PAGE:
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A Letta for Šemeta

Kitty Miv, Editor
02 May, 2013

Kitty's Kountry Rankings are below, with a description of how they are kompiled. This week, as every week, I give out three Encomiums to countries which have done Good Things, and award three Execrations for countries which according to my highly personal and partial views have done Bad Things.

Not sure if the Bundesbank counts as Germany, but we'll give it a prize because its President, Jens Weidmann, attacked the Financial Transactions Tax this week, which is music to my ears, you can imagine, and which is all the more remarkable given that Germany has been one of the prime movers as regards the FTT. On their own, Weidmann's criticisms won't kill the miserable animal, but coupled with legislative action in the US Congress, the UK's application to the European Court of Justice based on irregularities in the "variable geometry" 11-country structure, and perhaps best of all, the near-total failure of the French and Italian prototype FTTs (the Italian tax garnered a measly EUR29m in its first six months as against an expectation of EUR150m), it is looking distinctly wobbly. Then there was the leaked "non-paper" (EU-speak for informal document) sent this week by the 11 geometricians to the Commission, asking all the questions they should have asked two years ago when the stupid tax started to grow legs. An animal with eleven legs is probably not viable, so either they need to recruit another member, or one of the eleven can commit hari-kiri for the good (the bad) of the remainder. "It is a far, far better thing . . ." etc etc. Perhaps Italy's new government will oblige: a Letta for Šemeta. I promise that's the one and only time I'll use that pun, unless the Signore is elected into his job (almost unheard of in Italy), when he would count as a new person.

It seems as if the Canada/Japan Economic Partnership Agreement is being Fast-tracked (must be the weather for puns), and it's probably easier for Canada to do a deal with Japan than it would be for other countries to the south - too cold to grow rice, and the automotive industry consists mostly of assembly plants and component manufacturing, with the Japanese already well entrenched. For all the complaints that regional or bilateral trade deals have the effect of weakening Doha, I am not sure that's true. Every deal that's done is another piece of Doha that doesn't need to be fought over; and it's interesting that Canada and Japan are both negotiating members of the TPP (Trade Partnership of the Pacific), so that the same understandings, deals and compromises can presumably be carried over from the one to the other; it will be the same people each time, and they can scarcely pretend never to have met before. Wouldn't you imagine, in reality, that the various putative treaties merge seamlessly into one another? Nobody actually sits down to write these 1,000-page documents. "OK, Ed," says Jun Yokota (Japanese chief negotiator), "We did all this last week in Alm-Aty, didn't we? Shall we get in a round of golf before lunch? The boys and girls can pull something together for us to look at later on." Actually there is far more recycling of texts in international diplomacy than you might imagine: I've never sat at an international trade negotiation, but I was in at the birth of the Cook Islands constitution - a girl-friend of mine knew a New Zealand lawyer who had been sent to London to write it. We'll call him John -he's quite senior now - and we had lunch together. John was laughing: "I went to the Colonial Office for help," he said, "and this old geezer in pinstripe trousers said he'd have a look. So he riffled through a filing cabinet. 'Aha,' he said, 'Just the thing, it's the XYZ islands. I'll have the names changed, get it re-printed, and send a copy round to your hotel in the morning.' Here it is," said John, having another gulp of champagne and plonking the document on the table. "Job done! and it was supposed to take me two weeks."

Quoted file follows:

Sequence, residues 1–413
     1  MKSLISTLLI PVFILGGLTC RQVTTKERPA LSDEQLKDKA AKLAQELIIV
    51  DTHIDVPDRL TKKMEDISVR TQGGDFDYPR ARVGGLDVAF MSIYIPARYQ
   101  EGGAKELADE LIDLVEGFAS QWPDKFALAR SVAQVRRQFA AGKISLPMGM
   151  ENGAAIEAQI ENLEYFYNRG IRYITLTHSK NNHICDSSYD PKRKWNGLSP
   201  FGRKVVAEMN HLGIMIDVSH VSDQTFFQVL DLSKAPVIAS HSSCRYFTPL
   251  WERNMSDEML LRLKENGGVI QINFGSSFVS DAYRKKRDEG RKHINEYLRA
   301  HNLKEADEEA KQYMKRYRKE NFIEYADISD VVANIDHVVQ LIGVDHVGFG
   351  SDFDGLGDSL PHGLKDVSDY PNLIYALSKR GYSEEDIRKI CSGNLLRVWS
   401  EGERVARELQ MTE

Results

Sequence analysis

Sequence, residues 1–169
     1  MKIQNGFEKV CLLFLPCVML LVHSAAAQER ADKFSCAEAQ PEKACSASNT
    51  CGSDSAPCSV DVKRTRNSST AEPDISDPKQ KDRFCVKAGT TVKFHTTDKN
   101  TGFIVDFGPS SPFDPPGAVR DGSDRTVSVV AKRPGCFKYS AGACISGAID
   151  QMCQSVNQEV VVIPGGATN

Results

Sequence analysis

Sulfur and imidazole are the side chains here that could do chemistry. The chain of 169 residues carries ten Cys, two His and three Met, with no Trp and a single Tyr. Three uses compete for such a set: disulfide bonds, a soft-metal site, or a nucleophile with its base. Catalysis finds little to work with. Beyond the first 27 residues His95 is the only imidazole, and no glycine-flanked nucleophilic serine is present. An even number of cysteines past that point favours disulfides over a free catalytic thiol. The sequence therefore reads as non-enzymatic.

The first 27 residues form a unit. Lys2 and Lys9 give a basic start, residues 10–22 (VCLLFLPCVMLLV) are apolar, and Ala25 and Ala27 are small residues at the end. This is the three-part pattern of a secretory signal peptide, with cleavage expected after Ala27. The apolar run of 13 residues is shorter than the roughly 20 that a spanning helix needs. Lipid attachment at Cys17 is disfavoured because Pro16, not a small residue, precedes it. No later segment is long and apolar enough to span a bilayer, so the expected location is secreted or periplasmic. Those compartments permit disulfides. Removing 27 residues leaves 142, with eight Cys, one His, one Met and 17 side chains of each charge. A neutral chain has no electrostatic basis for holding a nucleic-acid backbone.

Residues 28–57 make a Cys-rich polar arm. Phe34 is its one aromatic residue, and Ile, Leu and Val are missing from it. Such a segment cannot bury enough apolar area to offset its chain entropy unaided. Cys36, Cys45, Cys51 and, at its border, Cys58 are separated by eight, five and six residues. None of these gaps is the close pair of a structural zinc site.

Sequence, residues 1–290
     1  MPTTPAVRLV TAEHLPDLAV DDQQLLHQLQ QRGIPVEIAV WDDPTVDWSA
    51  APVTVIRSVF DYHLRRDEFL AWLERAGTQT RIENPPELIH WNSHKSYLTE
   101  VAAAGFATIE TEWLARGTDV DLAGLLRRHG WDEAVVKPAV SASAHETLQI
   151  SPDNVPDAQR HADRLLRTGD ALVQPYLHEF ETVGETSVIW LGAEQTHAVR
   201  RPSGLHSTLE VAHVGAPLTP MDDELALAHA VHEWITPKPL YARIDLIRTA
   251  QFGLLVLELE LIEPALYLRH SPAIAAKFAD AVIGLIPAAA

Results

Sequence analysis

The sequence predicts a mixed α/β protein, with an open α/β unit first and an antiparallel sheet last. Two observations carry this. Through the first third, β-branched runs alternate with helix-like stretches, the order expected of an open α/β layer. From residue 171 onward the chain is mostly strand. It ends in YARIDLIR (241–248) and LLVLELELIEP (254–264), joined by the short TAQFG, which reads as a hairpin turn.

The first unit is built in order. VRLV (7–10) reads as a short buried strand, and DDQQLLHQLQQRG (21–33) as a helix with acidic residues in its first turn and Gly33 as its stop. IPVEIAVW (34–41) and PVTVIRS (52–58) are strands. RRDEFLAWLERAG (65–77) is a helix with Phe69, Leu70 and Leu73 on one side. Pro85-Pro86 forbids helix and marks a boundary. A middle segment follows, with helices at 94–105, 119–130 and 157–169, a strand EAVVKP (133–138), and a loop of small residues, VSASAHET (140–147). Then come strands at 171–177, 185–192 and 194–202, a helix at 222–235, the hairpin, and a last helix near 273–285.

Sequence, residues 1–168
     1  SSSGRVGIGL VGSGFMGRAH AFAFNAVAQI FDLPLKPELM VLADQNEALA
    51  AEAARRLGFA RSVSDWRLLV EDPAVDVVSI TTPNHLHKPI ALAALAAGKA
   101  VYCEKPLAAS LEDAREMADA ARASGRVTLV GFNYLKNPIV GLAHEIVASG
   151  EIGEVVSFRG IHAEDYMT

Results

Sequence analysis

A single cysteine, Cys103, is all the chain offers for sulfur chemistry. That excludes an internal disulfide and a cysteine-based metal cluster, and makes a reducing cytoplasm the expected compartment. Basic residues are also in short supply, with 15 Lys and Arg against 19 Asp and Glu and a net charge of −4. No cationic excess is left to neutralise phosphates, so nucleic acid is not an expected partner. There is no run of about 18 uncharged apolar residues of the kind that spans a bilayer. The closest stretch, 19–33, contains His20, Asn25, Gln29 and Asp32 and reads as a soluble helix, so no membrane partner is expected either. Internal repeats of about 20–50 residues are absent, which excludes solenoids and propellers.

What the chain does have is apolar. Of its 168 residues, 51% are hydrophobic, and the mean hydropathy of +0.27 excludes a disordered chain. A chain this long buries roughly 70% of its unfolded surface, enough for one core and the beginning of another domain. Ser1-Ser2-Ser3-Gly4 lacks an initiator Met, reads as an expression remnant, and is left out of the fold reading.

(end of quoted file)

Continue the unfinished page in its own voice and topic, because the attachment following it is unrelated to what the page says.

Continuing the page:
The US Supreme Court is about to hear a case brought by Abigail Fisher which may lead to the end of affirmative action in US education; much research has shown that if anything it is counter productive. But in other parts of the world affirmative action is alive and well: in Dubai the "emiratization" program forces "Western" companies to employ a certain quota of locals, who generally don't have the requisite skills (not unknown in the USA, either, because of the green card system, or in the UK, where strict immigration controls have the same chilling effect). And in Bermuda this week in what we may call dis-affirmative action the government has announced that long-term immigrant workers are to be denied residency; on entry, they have to sign a formal declaration to that effect, thus creating a second class population which can be ejected when they have ceased to be useful. Bermuda is far from alone among "offshore" islands in having such rules - they are rife in the Caribbean - but that doesn't make the rule any the less distasteful. In many countries it would be illegal. I suppose the regime will turn away many of the better people that Bermuda actually needs, so it's a mistake as well as being odious. I hope nobody signs this unpleasant declaration.